By David Guy
As we celebrate National Groundwater Awareness Week, the Northern California Water Association (NCWA) convened its groundwater management task force this week to help coordinate the various Groundwater Sustainability Agencies (GSAs) in the Sacramento Valley and to advance groundwater sustainability throughout the region. Jim Mayer, the task force chair, also convened a conversation on groundwater sustainability with leading water resources managers and conservationists as part of the NCWA Annual Meeting that can be seen here. The emerging dry year is also bringing the importance of sustainable groundwater management into focus as it appears that surface water supplies may be limited this year throughout the region.
In the Sacramento Valley, the local GSAs are poised to advance the next generation of groundwater management in California through the Groundwater Sustainability Plans (GSPs) that will be submitted by January 2022. The map below from the Department of Water Resources shows the GSAs and the collaboration across the entire Sacramento Valley floor, which includes ten counties and nearly 100 special water districts and companies working together with landowners, conservationists and other interested parties.
The GSAs are building upon the foundation that local agencies have developed over the past several decades, working with the Department of Water Resources (DWR) and others, to better understand and sustainably manage surface and groundwater resources in the Sacramento Valley. The GSAs meet quarterly to coordinate their efforts across the region and their consultants are meeting monthly to coordinate their respective GSP efforts this year.
Local agencies will be making major investments over the next several years to advance sustainable groundwater management as they further develop and refine GSPs that will be completed by 2022. Successful groundwater management is largely dependent upon the availability of affordable and reliable surface supplies and strong local leadership. Active conjunctive management of surface and groundwater has been key to sustainability in the region. Continuing this active management—both surface and groundwater–will be increasingly important in the Sacramento Valley to effectively serve water for multiple beneficial uses, including farms, cities and rural communities, fish, birds and recreation.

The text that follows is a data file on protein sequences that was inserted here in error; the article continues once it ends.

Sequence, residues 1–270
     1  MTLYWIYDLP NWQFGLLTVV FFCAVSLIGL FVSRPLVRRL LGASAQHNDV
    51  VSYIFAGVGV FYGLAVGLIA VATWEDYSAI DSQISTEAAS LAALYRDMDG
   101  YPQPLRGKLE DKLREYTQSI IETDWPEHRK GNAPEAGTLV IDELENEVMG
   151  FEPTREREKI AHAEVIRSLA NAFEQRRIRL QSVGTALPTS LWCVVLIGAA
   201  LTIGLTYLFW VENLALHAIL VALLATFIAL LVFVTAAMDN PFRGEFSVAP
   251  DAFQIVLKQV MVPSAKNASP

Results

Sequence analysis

With respect to sustainability, groundwater levels in Northern California have risen since 2014-15 as you would expect following dry years and groundwater is generally in balanced conditions across the region, with a few pockets that are being watched very carefully. The GSAs are actively working to improve groundwater conditions as part of their GSPs, with a focus on recharge opportunities and other ways to assure sustainable groundwater levels in the region.
Groundwater is a vital part of the Sacramento Valley’s water supply. Recent dry years have illuminated the pressures on Sacramento Valley’s water resources and the challenges we face in providing reliable and affordable water supplies for various beneficial purposes in the Valley, including farms, cities and rural communities, fish, birds, and recreation. Groundwater provides nearly 30% of the region’s water supplies, with this percentage greatly increasing during dry years and during sustained droughts.
- See The State of Sacramento Valley Groundwater.
- For a Department of Water Resources video primer on groundwater resources in California, click here.
- To watch the NCWA annual meeting on groundwater sustainability, please click here.
- For more information on groundwater awareness week, click here.
- The Water Education Foundation has made Groundwater its Water Word of the Week. For more of the vibrant vocabulary of California water, be sure to check out Aquapedia, the free, vetted online water encyclopedia.
- Groundwater Exchange – Sharing ideas and resources for successful implementation of the Sustainable Groundwater Management Act.